Homo heidelbergensis was a species of human that existed about 700,000 to 200,00 years ago in Africa and Asia (China.) This species certainly exhibits enough characteristics to put it in the running for a Bigfoot ancestor. It was the first homo species to dwell in cold climates, hunt large animals, and build stick/rock shelters. As we know, these are all behaviors we have concluded to be characteristic of Bigfoot, based on eye-witness reports and footprint evidence gathered in specific locations. It is believed that Neanderthals and our own species originated from H.heidelbergensis. This human was intelligent and well-adapted. Could this be where Bigfoot gets its expert hunting abilities from? A common argument to why Bigfoot could not be of homo lineage is that there is no evidence of them constructing tools or fire. The first thing to consider is that Bigfoot evidence is not abundant to begin with, so evidence of tool use would surely be difficult to find without a team of excavators out in the PNW woods. However, if Bigfoot does not use tools or fire, we must explore a second ancestor that may have been a bit more primitive. The only other known homo species that lines up around the same time as H.heidelbergensisis H.floresiensis, which lived about 100,000 – 50,000 years ago in Asia (Indonesia.) This species was more primitive with a smaller brain size than H.heidelbergensis, and although more evolved than a great ape, their feet displayed ape-like features. Scientists are still looking for the H.floresiensis ancestor, believing it to be an undiscovered, more primitive hominin that dispersed into Asia. This would mean that if H.heidelbergensis and the H.floresiensis unknown ancestor interbred, their offspring may have resembled something like a Bigfoot. H.heidelbergensis was both intelligent and large, standing at 5’9 during a time when most human species were typically small. They had a large brain case, indicating a higher intelligence than most other species at the time. Their tool and fire use is what really prevents them from being a viable candidate for a purebred Bigfoot ancestor. However, if they had mated with a more primitive human species, they may have produced an offspring with ape-like anatomy and some human-like physical features; it would also yield a species with heightened senses and expert hunting abilities, but with slightly lower intelligence than a tool-constructor. If the H.floresiensis ancestor was more primitive like scientists hypothesize, then it would certainly be a viable candidate to father a Bigfoot species along with H.heidelbergensis.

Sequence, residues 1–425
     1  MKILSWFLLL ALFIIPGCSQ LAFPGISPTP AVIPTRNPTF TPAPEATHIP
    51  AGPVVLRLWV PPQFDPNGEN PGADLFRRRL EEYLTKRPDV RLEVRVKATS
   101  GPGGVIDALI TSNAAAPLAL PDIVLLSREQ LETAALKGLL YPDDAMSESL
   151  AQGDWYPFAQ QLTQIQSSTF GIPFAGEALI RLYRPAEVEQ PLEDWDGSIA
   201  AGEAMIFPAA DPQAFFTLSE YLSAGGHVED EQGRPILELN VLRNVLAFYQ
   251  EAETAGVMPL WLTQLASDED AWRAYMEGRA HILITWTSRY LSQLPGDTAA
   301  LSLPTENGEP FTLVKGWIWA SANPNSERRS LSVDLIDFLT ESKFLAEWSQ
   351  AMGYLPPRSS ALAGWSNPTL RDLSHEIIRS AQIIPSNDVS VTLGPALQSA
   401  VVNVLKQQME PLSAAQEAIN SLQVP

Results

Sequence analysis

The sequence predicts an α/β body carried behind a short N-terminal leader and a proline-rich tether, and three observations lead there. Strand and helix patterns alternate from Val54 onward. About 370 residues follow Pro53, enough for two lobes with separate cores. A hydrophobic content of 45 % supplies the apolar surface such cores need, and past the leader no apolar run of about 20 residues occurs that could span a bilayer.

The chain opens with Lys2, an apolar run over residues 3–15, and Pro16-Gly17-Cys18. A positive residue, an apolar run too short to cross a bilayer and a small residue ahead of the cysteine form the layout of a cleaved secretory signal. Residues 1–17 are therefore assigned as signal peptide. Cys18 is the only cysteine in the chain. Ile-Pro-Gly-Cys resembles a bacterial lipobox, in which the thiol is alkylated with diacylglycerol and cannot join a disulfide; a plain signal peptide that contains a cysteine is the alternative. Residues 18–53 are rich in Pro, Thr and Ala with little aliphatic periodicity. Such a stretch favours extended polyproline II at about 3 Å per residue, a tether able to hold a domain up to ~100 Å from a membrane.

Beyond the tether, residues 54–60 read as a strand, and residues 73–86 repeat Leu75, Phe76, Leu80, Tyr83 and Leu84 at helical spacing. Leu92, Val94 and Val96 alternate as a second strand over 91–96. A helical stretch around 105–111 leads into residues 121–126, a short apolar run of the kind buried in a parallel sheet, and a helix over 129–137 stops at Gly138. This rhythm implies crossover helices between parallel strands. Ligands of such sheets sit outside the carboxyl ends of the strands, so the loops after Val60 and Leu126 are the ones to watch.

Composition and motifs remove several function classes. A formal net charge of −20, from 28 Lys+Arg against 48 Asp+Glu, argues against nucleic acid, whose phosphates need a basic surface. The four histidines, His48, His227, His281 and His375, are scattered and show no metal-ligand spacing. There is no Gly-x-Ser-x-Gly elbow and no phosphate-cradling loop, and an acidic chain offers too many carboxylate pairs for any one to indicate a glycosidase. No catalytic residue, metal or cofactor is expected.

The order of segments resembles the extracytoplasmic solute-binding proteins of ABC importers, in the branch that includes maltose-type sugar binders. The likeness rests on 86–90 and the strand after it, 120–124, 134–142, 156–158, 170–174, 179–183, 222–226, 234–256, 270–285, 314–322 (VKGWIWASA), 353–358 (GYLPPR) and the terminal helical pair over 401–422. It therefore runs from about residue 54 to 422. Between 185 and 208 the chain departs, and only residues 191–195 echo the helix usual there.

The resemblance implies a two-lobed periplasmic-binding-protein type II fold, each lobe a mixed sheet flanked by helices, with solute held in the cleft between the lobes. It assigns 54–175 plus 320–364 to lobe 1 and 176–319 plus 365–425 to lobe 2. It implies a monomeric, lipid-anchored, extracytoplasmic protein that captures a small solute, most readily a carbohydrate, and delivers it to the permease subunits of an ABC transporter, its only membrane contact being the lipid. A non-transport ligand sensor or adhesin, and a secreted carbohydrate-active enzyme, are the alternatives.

Hypothetically, the H.floresiensis mystery ancestor and H.heidelbergensis would have coexisted in Asia, mated successfully, and produced a unique offspring. The offspring would have had an elevated skill set, average brain size, human/ape anatomy, and fairly robust physicality. Perhaps eventually, due to competition, they crossed the land bridge and migrated to North America, evolving into what we know today, as Bigfoot. Oftentimes, we, as researchers, will try to explain Bigfoot’s origins with just one species. However, it is vital to keep an open mind to the possibility of their ancestors being a 50/50 mix of 2 species; one more evolved, and one more primitive. Unfortunately, our evolutionary tree is missing a significant amount of information. There are species waiting to be discovered and mysteries that may never be solved. Is Bigfoot one of them?
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Hugo, Kristin. “‘Humanzees’ Make a Great Story, but a Human-Chimp Hybrid Is Likely Impossible and Never Existed.” Newsweek, Newsweek, 1 Feb. 2018, newsweek.com/could-chimp-humans-mate-tales-humanzee-hybrids-murky-likely-impossible-796646#:~:text=Humans and chimps have DNA,the offspring would be infertile.
Jungers WL;Harcourt-Smith WE;Wunderlich RE;Tocheri MW;Larson SG;Sutikna T;Due RA;Morwood MJ; “The Foot of Homo Floresiensis.” Nature, U.S. National Library of Medicine, pubmed.ncbi.nlm.nih.gov/19424155.
Meldrum, D. Jeffrey. Sasquatch: Legend Meets Science. Forge, 2007.
“The Smithsonian Institution's Human Origins Program.” Homo Floresiensis | The Smithsonian Institution's Human Origins Program, humanorigins.si.edu/evidence/human-fossils/species/homo-floresiensis.
Understanding Genetics, genetics.thetech.org/ask/ask229.
Photo taken at NABC: northamericanbigfootcenter.com